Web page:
Between 2007 and 2014, 81 VS patients were treated with RS at the Department of Radiation Oncology, National Cancer Centre, Singapore. Only patients with follow-up data were included in the study. In total, we analysed 77 patients. The study was approved by the SingHealth Centralised Institutional Review Board.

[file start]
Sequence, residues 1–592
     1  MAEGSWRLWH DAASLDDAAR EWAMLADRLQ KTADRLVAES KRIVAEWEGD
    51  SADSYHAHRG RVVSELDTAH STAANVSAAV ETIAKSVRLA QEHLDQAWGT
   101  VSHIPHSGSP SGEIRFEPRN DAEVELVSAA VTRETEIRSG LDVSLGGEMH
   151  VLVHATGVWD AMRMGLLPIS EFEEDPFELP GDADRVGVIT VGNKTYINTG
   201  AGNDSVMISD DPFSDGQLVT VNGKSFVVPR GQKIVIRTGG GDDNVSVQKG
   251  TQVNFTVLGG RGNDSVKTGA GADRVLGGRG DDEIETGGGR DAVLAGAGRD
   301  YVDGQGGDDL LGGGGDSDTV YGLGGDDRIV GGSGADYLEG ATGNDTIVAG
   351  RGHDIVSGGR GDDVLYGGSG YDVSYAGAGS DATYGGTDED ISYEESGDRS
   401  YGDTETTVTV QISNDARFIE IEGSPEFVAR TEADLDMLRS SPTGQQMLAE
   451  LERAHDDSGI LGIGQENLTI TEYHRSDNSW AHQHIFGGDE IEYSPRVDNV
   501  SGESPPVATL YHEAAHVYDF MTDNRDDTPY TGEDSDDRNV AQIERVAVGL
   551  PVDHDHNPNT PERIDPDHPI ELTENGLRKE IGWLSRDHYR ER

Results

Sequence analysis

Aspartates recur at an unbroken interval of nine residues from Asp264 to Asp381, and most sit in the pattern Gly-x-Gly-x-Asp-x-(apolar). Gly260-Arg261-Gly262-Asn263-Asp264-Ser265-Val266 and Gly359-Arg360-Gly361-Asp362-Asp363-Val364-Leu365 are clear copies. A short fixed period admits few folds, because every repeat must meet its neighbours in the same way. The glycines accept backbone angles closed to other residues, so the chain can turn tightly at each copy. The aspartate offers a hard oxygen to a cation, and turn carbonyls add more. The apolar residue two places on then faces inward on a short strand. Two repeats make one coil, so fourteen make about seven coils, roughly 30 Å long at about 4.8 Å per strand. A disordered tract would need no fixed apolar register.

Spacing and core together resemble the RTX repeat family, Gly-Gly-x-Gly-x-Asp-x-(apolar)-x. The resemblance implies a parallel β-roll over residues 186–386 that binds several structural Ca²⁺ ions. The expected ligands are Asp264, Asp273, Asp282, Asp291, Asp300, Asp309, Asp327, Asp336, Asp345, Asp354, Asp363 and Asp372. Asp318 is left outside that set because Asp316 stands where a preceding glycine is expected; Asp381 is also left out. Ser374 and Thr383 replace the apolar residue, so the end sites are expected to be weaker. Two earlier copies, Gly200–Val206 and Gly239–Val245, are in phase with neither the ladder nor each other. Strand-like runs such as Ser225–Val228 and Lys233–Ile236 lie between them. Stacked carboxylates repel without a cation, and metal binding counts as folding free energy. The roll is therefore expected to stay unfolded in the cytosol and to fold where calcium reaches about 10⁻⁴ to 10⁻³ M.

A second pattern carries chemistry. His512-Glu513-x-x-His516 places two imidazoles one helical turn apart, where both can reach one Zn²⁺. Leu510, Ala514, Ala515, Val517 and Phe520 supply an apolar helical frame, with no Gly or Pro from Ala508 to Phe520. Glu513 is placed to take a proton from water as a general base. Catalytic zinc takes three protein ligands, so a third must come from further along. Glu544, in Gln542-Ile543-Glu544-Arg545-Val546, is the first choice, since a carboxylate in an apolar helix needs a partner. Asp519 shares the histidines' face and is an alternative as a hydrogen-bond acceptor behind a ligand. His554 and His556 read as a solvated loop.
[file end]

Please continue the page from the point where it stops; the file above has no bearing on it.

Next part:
In our institution, only smaller tumours or patients who are not keen on surgery are treated with RS. Patients with good, serviceable hearing are offered FSRT instead of RS in the belief that FSRT may be better for hearing preservation. Before treatment, all patients were seen by a multidisciplinary team that consisted of neurosurgeons, ear, nose and throat surgeons, and radiation oncologists (with radiologist-reported magnetic resonance [MR] imaging). Treatment decisions were made based on multidisciplinary consensus. Generally, patients were treated only if they were symptomatic (i.e. none of the 77 patients were ‘incidentalomas’), and factors like comorbidities, life span and tumour growth rate were given consideration prior to treatment. Following resection, patients were treated only if the tumours showed progression. Standard T1- and T2-weighted gadolinium-enhanced MR imaging with 1-mm slice thickness was carried out. For the purpose of immobilisation, a customised thermoplastic head frame was made for every patient.